A bell splits the silence before
dawn, shattering the last fragments of a restless sleep. Dah-dong, Dah-dong,
Dah-dong, Dah-dong! A merciful pause—then four more clangs vibrate
through a labyrinth of halls. The window is still dark. I cover my head
with the pillow and lie still. A whisper of fear runs through me. The day
has come. The day I have dreaded since I arrived at the convent boarding
school, passed through the iron gates, and entered the foreboding rose
stone mansion. It is the day veterans at Eden Hall refer to as the day of
reckoning: March 22, 1955, the day of oral examinations.
Dies irae, dies illa
All week I prayed, “Lord, grant me some mysterious suffering, a
fever, a concussion, anything that could turn this day of reckoning into a
day in the infirmary.” Gratefully will I accept any penance, and humbly
will I submit to Miss Judd’s cures.”
I pick my head up and look around the room.
No one is moving except Yvonne. She is shining her shoes. I lie back down,
close my eyes. My prayers have not been answered. Oh God. I feel fine.
Requiem aeternum/ dona eis, domine
The rhythm of the shoe brush fills the room. Kathleen and Cynthia
are still in bed. Yvonne is always the first one up, and she is always
smiling with her big white teeth. I try to look away but she catches me.
“Rise and shine,” she says holding up her glossy brown oxford.
I shuffle to the sink. Cold linoleum seeps
through the soles of my slippers. Warm water feels good on my wrists.
In a minute Mother Stewart will come to the door with the holy
water. “Sacred Heart of Jesus, Immaculate Heart of Mary.”
We dip a finger, make the sign of the cross, and mumble “I give
you my heart.”
Now the water is hot. I let the sink fill. The word catafalque shivers
out of the white enamel bowl.
see the dimly lit chapel, pews filled with uniformed girls in stiff white
veils, surrounded by nuns kneeling in stalls under stained glass windows.
An open coffin rests on the draped catafalque in the middle aisle only
inches from my shoulder. A single bell tolls, calling mourners from the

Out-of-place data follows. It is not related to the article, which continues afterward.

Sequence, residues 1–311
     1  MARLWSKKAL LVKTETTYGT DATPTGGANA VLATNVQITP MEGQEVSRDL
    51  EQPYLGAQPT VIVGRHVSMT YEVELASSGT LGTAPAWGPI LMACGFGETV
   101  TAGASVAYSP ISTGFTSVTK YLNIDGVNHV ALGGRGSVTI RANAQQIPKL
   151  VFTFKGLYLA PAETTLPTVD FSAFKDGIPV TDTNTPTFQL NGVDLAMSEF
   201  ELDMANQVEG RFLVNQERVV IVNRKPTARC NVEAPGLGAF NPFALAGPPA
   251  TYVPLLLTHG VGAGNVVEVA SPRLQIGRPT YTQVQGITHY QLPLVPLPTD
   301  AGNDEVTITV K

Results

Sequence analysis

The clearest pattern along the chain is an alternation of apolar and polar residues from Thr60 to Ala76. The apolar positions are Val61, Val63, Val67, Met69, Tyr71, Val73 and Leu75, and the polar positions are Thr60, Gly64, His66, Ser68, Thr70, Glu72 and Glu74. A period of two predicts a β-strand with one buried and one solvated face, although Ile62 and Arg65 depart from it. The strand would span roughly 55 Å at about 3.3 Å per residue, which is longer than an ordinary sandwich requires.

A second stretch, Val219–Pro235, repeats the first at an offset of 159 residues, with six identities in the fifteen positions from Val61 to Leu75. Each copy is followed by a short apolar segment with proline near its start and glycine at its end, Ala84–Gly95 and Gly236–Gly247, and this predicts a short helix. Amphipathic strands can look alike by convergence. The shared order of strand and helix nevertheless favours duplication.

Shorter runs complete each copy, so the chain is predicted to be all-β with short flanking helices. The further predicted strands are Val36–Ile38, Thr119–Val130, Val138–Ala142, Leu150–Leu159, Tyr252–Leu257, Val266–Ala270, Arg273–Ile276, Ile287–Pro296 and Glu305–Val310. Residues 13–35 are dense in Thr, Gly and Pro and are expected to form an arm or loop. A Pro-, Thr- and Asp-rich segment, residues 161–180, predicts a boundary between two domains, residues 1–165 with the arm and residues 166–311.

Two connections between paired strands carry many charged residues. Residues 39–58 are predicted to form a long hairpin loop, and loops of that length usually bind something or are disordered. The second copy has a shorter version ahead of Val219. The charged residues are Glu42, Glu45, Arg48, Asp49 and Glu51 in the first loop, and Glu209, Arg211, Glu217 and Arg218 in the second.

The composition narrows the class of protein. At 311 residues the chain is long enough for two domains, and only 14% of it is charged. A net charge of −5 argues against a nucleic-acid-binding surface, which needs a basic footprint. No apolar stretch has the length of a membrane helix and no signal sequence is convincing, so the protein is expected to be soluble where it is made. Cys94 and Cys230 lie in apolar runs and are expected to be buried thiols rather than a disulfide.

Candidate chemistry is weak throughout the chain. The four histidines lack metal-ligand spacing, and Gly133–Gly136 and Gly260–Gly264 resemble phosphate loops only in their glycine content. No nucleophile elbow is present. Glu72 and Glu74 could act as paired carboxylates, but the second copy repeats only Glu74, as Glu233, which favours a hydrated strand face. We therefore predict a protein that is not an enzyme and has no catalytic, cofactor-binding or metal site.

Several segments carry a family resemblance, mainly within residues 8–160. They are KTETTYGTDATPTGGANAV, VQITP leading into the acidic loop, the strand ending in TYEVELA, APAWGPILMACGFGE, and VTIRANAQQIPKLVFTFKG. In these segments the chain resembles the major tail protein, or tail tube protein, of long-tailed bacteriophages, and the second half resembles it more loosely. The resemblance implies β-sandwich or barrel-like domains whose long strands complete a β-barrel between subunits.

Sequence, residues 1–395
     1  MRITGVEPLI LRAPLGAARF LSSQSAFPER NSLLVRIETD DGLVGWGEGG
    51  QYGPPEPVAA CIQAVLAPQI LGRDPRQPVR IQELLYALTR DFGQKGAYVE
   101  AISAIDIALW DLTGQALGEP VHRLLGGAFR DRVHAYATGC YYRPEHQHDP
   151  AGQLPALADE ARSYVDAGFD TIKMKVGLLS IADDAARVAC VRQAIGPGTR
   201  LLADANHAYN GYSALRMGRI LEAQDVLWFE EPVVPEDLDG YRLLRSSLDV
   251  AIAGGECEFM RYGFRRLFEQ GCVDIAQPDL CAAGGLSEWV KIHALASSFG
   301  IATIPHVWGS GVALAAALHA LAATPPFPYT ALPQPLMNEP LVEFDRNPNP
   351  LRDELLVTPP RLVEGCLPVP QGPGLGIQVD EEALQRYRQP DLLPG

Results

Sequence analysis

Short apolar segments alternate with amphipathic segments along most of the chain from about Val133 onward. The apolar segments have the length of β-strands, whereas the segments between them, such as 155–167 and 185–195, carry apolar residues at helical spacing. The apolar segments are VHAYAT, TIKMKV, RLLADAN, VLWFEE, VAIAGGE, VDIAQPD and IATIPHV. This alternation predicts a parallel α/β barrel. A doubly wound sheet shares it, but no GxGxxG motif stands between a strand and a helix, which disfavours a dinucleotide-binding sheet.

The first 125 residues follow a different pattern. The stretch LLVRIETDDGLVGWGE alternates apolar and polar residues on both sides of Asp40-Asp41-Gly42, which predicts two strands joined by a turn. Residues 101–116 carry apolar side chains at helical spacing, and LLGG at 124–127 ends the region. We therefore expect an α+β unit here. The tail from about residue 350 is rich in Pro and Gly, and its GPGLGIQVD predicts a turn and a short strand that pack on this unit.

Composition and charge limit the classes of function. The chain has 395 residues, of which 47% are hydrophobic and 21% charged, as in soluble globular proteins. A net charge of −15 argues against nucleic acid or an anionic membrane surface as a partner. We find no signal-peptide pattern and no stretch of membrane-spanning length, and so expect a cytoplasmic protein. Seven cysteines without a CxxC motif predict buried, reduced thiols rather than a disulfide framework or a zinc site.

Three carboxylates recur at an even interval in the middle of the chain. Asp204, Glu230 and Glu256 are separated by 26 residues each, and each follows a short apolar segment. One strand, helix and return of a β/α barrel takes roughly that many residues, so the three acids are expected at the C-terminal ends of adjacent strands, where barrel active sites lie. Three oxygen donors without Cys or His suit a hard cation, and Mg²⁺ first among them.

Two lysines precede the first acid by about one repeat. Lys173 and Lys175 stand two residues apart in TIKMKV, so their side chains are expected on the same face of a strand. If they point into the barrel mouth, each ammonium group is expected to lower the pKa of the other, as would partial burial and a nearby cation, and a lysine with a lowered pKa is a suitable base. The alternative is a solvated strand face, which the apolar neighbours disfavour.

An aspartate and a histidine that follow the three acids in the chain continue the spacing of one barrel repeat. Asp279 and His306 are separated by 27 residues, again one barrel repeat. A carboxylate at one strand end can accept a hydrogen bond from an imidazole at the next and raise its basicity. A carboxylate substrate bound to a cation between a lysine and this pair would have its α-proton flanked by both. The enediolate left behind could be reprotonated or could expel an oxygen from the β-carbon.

outside world. Mother Forden swoops down the aisle, removes the silver
cross and the thin gold band from the nun’s rigid body. She closes the
Yvonne says startled.
swirls down the drain.
We dress in silence, buttoning
starched blouses, straightening hose.
The ten-minute bell rings.
“Hurry,” someone says, “we’re
going to be late.”
Yvonne is already out the door.
Reverend Mother,” I curtsy, “I
have question number three.”
The question typed on a long narrow
strip of paper was drawn from a semicircle of eighteen identical papers
carefully set on a round silver tray. I stand alone holding the paper in
my white-gloved hands staring at swimming black letters. I try squinting
the letters into focus. I force my eyes wide.
Faceless shadows behind pleated white
bonnets sit before me. Reverend Mother’s chair is raised on a platform.
Judge and jury wait. The even rows of wimples begin to sway like the
letters on the paper. I open my mouth, then close it, lest some
involuntary cry escape.
"Reverend Mother,” I begin again.
My gloves are damp. My blouse is wilting. “I have question number
three.” The student body holds its breath. A voice rises from my throat
and begins to drone somewhere in the distance. The words from Scripture,
tightly strung together, continue without pause or inflection.
“Thank you Reverend Mother.”
am sitting down.
My eyes focus clearly on a perfect
semicircle of shiny brown oxfords.
Yvonne has question number four. Her
voice is steady. Her blouse is crisp. She is a veteran.